2012 Kia Soul

Even though the Kia Soul isn't the best-driving Kia, it was the first glimpse at what the brand was capable of. It's true, Peter Schreyer arrived at Kia so late into the Soul's development process that he could only influence the design of the grille, but the fact that Kia planned a vehicle as interesting and funky as the Soul before it had someone as creative as Schreyer on staff certainly drove home the point that the brand wasn't content merely to create cheap cars.

The Kia Soul is an inexpensive car that allows almost anyone to get an interesting new car with distinct looks and a surprising amount of interior room. The materials used inside the Soul were obviously chosen to allow for a very affordable base price, but they don't look or feel as cheap as the materials found inside Kias a few years ago.

As it stands, the Kia Soul brings interesting design to the masses. Hopefully Kia can find a way to produce a vehicle similar to the Track'ster concept from the Chicago auto show. The Track'ster offers 250 hp and all-wheel drive and loses the rear doors, which makes for a much hotter hatch than the Soul on which it is based. Bringing style and performance to the masses would be an even better trick for Kia, which was always supposed to be the sportier Korean brand.

Phil Floraday, Senior Web Editor

The Soul is a prime example of why Kia -- and its corporate cousin Hyundai -- has gone from a company largely known for its low prices to one that is highly regarded by both consumers and the media for its excellent vehicles, regardless of price. The Soul may not provide the most scintillating driving experience -- none of the other rolling boxes do, either -- but without question it handily beats its competitors in interior style, quality, ergonomics, and ease of use. What's most impressive is that Kia, a relatively young company, has excelled in these areas that often confound even seasoned automakers. With an as-tested price of less than $23,000, this loaded Soul! more than transcends its price.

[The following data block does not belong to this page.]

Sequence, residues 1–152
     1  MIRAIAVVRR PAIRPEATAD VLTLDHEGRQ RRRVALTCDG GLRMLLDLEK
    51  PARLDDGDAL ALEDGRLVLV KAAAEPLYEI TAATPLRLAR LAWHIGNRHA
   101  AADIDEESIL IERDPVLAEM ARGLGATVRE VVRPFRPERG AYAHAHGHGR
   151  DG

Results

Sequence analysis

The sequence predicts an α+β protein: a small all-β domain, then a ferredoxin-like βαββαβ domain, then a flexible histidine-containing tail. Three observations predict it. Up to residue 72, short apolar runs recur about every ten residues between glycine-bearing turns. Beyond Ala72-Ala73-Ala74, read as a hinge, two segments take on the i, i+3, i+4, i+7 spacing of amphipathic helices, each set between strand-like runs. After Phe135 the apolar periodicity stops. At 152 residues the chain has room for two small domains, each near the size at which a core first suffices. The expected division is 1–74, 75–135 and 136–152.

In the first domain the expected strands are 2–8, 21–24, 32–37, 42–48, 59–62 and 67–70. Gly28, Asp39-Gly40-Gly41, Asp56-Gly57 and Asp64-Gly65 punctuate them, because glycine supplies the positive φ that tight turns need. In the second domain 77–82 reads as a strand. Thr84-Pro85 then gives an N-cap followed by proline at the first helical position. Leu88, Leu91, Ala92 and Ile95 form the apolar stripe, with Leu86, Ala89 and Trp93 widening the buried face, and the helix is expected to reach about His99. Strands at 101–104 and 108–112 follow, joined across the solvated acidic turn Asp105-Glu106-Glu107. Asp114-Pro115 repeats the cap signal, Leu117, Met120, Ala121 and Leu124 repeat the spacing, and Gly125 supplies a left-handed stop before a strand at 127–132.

Jennifer Misaros, Managing Editor, Digital Platforms

Our test example for the lightly revised Kia Soul was outfitted in one of the new interior color options for the funky hatchback, and, my, are they daring! I applaud Kia for pushing the boundaries of its interior color palette, especially here, with the dash plastics wearing the lighter color (opposed to the norm of the dash in the darker hue). I'm not sure how durable the pale dash plastics may fare over time, but you have to hand it to Kia for being willing to try new things in an otherwise pretty standard interior. The same compliment goes to the rear taillights -- fairly traditional, trapezoidal-shaped units are ringed in red LEDs at night.

Donny Nordlicht, Associate Web Editor

Attractive eighteen-inch wheels are exclusive to the top (and ridiculously named), exclamation-point trim level of the Kia Soul. Unfortunately, they make the Soul's ride quality pretty coarse. Also, this trim level isn't available with a manual transmission, which would be reason enough for me to rule it out.

I would definitely consider a lower-spec, stick-shift Soul as a daily driver, though. There's lots of space in this small package, as I've noted numerous times after driving Souls and other similar boxy vehicles such as Nissan Cubes and Scion xBs. The automatic -- and the powertrain in general -- is pretty sluggish, making a rather uninvolving model even less desirable to me personally. At least it didn't have the flashy "SOUL" graphics all over the interior, like the Soul+ we tested a few weeks ago.